By Lee Sherman
What is COBRA?
If you’ve recently lost your job due to the COVID-19 pandemic, you may be wondering what will happen to your healthcare. Fortunately, as a result of the Consolidated Omnibus Budget Reconciliation Act (COBRA), you are most likely entitled to continue your existing employer sponsored health insurance coverage for an extended period of time. You are eligible for COBRA if any of the following has occurred:
- You are no longer eligible for coverage due to voluntary or involuntary termination or a reduction of hours as a result of resignation, discharge, layoff, strike or lockout, medical leave, or slowdown in business operations (i.e.: a pandemic that forces businesses to retrench).
- You are the divorced or widowed spouse of an employee receiving benefits.
- You are the dependent child of an employee receiving benefits who has reached the age where you are no longer covered.
In most cases, you are allowed to extend your health insurance through COBRA for 18 months. Depending on your individual circumstances, you may be able to extend this coverage even longer. Continuing your existing coverage for as long as possible makes financial sense because your employee plan is based on negotiated rates that are far less than you’d typically pay as an individual.
Be aware that, while COBRA will include the exact same coverage you had, you may be in for a few surprises. The main difference is that your premiums (which came out of your paycheck so you may not have noticed how much you were paying) will now be your direct responsibility and you might be shocked to discover how much it costs.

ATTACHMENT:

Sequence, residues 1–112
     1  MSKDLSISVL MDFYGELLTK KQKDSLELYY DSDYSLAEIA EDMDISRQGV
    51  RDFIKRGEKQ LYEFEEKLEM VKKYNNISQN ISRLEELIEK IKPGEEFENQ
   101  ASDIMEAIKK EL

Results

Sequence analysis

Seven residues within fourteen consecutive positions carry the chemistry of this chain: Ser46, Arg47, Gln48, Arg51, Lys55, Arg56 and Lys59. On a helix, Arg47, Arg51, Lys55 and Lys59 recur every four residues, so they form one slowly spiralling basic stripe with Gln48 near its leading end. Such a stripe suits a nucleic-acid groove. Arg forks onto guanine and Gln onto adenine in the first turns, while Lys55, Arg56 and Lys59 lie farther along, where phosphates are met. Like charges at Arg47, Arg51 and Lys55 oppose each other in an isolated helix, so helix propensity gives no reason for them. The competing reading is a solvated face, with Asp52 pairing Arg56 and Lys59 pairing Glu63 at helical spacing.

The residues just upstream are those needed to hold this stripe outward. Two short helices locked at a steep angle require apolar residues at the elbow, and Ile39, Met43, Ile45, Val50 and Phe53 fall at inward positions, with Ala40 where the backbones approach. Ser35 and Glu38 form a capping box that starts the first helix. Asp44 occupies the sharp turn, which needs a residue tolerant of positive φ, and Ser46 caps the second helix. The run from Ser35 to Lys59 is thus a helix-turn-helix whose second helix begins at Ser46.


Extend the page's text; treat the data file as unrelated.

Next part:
How do COBRA and the ACA compare?
The Affordable Care Act (ACA), most commonly referred to as Obamacare, because it took effect during the Obama administration in 2013, is there to ensure that most Americans will have access to affordable healthcare regardless of their employment status. The ACA provides an exchange that exists outside of the plans offered by employers where individuals can purchase health insurance at negotiated rates. The main advantage to the ACA is that you can’t be denied health insurance due to a pre-existing condition.
When you lose your job (or other qualifying event) you normally have 60 days to enroll in either your state’s ACA health insurance exchange or an ACA-compliant plan offered outside the exchange. Due to COVID-19 (which has been designated a national emergency), there have been extensions to the COBRA election period but, while this gives you extra time to elect COBRA, bear in mind that payments are retroactive back to the time that your employer sponsored coverage ended.
If you qualify for ACA subsidies, ACA insurance can be more affordable than a comparable COBRA plan. However, if you’re not eligible, or if you’ve already used up your deductible before you leave your job, COBRA may make more sense. While there’s something to be said for maintaining continuity in your healthcare (access to the same doctors, hospitals, and pharmacies), rates vary so widely that it pays to shop around, especially at a time when you need the most affordable care you can get.
Lee Sherman is a contributing writer to MyPerfectFinancialAdvisor, the premier matchmaker between investors and advisors. Lee is an experienced journalist and editor with over 30 years of expertise with a significant history of writing in the personal finance and technology arenas.